FIG. 4 illustrates the nesting and stackable nature of the mobile storage platforms of the present invention; and
FIG. 5 is a vertical section taken in the direction of arrows 5--5 of FIG. 4.
Referring now to the drawing and initially to FIGS. 1-3 hereof, a liftable bed trailer 10 has been illustrated in outline having superimposed thereupon a mobile storage platform 11 constructed in accordance with the principle of the present invention. The trailer 10 has a fixed bed 10a and a liftable bed 10b. For present purposes, it will suffice to state that hydraulic actuator means 12 have been provided to effect raising of the liftable bed 10b (supported and guided by rotary arms 13). As best seen in FIGS. 2 and 3, the legs of the storage platform 11 may be lifted clear of the roadway when the liftable bed 10b is in its raised position for transport.
Proceeding now more particularly to a description of the mobile storage platform which is the subject matter of the present invention, the platform 11 comprises peripheral, longitudinal members 14 and lateral members 16 which are welded together to form an open, horizontal platform. At each corner are structures 17 comprising enclosures of sheet steel in which are mounted locking elements 18. As is well known, such elements may engage within receptacles provided in cargo container 19 whose outline has been shown in FIGS. 2 and 3 resting upon the top of the mobile storage platform. A plate 20 is welded to each longitudinal member 14 to form a "T" therewith and to depend downwardly therefrom, and to enclose and abut the ends of the lateral members 16. Four pairs of legs 21 and 22 are welded to the structure just described, each pair being connected at the bottom by horizontal base members 23. Stop members 24 are welded along the lower portions of legs 21 and 22, and spacer members 26 are welded intermediate legs 21, 22 and plate 20 for a purpose which will be described.
The upper ends of legs 21 and 22 are attached to the horizontal frame section of the platform 11 at points ideally suited to support the load. Legs 22 are attached at the four corners, while legs 21 are attached adjacent to the ends of lateral members 16. Each pair of legs 21 and 22 downwardly converge toward each other to facilitate the vertical stacking of many platforms.
Referring now to FIGS. 4 and 5, the nesting and stacking feature of the present invention has been illustrated. It will be seen that because of the basic frusto-conical shape of each pair of legs 21, 22, the respective pairs nest within each other like drinking cups. Stop members 24 prevent jamming of the pairs of legs 21, 22 in the longitudinal direction, while spacer plates 26 prevent lateral jamming between the stacked platforms. In this manner, it is quite possible to stack a dozen of more mobile platforms and to remove selected ones easily from the stack when needed.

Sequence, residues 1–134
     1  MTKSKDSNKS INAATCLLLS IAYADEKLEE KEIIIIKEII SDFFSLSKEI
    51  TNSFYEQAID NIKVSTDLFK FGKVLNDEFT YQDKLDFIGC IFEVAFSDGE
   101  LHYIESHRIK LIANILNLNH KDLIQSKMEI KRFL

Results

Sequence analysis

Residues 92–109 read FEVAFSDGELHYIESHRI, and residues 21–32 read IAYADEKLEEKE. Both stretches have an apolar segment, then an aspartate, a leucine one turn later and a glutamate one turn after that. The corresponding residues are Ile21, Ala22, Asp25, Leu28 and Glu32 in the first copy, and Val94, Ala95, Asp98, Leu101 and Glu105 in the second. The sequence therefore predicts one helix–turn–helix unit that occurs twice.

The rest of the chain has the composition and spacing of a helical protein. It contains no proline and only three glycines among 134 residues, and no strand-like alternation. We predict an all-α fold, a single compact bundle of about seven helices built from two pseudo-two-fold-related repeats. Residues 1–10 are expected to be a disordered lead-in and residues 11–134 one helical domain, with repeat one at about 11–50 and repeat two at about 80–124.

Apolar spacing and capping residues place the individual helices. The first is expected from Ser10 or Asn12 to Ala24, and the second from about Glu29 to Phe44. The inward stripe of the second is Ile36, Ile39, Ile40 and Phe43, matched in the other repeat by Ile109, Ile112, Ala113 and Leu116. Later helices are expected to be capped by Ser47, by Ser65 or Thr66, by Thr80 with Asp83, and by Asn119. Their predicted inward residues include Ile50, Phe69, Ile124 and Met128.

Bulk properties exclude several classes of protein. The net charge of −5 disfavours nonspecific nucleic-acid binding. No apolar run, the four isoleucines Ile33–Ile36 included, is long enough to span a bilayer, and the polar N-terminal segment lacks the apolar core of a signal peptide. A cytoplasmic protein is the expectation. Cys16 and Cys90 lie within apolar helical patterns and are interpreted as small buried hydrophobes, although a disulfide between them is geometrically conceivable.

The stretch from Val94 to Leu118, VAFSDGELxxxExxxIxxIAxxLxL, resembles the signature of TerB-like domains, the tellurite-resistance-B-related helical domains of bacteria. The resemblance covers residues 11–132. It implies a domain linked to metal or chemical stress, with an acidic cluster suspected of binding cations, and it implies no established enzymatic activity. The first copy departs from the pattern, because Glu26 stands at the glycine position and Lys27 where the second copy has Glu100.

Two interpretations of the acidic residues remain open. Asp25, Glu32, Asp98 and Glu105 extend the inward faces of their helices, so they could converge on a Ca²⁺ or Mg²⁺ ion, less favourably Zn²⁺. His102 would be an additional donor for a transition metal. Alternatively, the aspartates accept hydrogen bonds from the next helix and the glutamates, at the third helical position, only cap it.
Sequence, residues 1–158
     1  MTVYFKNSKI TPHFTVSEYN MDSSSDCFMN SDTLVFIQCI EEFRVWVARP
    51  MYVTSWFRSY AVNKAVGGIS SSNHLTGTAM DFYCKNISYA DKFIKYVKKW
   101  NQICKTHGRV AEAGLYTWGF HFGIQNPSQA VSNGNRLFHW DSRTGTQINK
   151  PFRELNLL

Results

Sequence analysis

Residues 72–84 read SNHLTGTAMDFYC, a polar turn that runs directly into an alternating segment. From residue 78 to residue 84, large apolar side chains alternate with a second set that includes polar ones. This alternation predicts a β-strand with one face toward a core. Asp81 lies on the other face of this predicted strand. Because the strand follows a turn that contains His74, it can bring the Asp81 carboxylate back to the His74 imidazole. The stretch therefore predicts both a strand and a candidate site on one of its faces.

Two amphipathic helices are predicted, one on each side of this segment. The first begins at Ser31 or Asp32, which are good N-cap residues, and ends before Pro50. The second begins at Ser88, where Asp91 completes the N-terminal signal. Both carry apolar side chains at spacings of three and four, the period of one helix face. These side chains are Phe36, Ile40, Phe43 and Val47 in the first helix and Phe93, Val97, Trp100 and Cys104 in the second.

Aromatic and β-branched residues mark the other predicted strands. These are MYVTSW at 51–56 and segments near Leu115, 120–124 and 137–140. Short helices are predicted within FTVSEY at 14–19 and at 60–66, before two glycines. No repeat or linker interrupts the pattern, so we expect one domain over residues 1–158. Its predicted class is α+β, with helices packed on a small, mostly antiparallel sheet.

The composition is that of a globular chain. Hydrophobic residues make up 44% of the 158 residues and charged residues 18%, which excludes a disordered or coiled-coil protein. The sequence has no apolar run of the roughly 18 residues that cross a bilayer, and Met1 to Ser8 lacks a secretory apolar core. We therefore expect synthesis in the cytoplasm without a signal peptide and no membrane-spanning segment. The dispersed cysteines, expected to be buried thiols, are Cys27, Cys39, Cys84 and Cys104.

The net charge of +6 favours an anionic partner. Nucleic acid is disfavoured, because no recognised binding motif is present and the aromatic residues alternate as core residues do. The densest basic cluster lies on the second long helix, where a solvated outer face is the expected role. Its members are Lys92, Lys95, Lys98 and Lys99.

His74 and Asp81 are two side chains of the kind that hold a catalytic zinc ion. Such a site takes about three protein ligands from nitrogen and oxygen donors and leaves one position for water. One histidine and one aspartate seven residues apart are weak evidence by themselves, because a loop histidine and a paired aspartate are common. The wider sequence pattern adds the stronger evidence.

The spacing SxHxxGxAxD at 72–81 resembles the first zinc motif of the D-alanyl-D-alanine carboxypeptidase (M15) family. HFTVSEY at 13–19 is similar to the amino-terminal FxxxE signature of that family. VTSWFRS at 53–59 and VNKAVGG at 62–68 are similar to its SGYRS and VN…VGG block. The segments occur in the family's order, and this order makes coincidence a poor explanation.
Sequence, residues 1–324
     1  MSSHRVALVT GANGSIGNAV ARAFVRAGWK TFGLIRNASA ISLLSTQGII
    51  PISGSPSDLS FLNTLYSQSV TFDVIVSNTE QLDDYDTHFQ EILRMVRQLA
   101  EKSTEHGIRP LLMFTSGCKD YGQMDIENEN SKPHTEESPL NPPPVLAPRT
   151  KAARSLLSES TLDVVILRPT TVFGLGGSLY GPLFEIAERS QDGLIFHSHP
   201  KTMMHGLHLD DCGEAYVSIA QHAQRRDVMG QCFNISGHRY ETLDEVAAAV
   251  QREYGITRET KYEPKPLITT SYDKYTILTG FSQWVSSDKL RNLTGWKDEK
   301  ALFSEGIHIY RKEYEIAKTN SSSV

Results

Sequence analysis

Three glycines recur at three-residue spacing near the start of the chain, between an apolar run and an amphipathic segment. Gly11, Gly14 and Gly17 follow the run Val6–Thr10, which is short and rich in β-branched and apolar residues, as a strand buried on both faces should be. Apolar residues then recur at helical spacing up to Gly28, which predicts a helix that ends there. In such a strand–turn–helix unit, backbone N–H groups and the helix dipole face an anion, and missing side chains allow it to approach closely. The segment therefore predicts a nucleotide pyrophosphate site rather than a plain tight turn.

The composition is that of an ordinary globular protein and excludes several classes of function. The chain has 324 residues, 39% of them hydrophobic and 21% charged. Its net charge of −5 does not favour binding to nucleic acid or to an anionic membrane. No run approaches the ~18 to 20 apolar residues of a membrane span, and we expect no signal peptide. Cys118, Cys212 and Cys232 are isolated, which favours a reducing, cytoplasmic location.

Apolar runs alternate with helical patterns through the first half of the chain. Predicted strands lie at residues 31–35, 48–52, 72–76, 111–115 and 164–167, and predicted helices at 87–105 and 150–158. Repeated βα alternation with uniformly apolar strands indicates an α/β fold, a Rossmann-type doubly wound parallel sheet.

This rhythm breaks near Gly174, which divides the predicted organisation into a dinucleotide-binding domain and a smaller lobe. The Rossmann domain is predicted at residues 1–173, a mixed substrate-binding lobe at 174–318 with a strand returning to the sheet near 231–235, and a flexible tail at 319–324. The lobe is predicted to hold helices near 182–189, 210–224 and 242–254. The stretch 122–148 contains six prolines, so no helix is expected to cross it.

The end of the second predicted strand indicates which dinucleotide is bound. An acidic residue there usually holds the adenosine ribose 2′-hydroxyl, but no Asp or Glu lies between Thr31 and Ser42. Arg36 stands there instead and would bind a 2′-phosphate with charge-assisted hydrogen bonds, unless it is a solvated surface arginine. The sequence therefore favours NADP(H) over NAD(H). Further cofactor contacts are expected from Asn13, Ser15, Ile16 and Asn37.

It should be understood that the foregoing description has been of a particular embodiment and is therefore merely representative. In order to understand the scope of the invention reference should be made to the appended claims.
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|Citing Patent||Filing date||Publication date||Applicant||Title|
|US4537378 *||Aug 9, 1984||Aug 27, 1985||Glumac Nick P||Mobile storage platform and liftable bed trailer|
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|US7484631||Nov 16, 2004||Feb 3, 2009||Nenger Corporation||Modular storage system for logistical management of operational units|
|US7963533||Mar 16, 2007||Jun 21, 2011||Wenger Corporation||All-terrain retail merchandising unit|
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|US20050150178 *||Nov 17, 2004||Jul 14, 2005||Bothun Richard A.||Modular storage units for uniforms and wearable equipment|
|US20060043813 *||Aug 26, 2005||Mar 2, 2006||Delta Electronics, Inc.||Stator structures|
|US20060231517 *||Mar 16, 2006||Oct 19, 2006||Bothun Richard A||Modular storage system for logistical management of operational units|
|US20070216120 *||Mar 16, 2007||Sep 20, 2007||Bothun Richard A||All-terrain retail merchandising unit|
|U.S. Classification||248/163.1, 414/498, 108/91, 108/53.3|
|International Classification||B62D53/06, B60P1/64|
|Cooperative Classification||B60P1/64, B62D53/062|
|European Classification||B62D53/06B2, B60P1/64|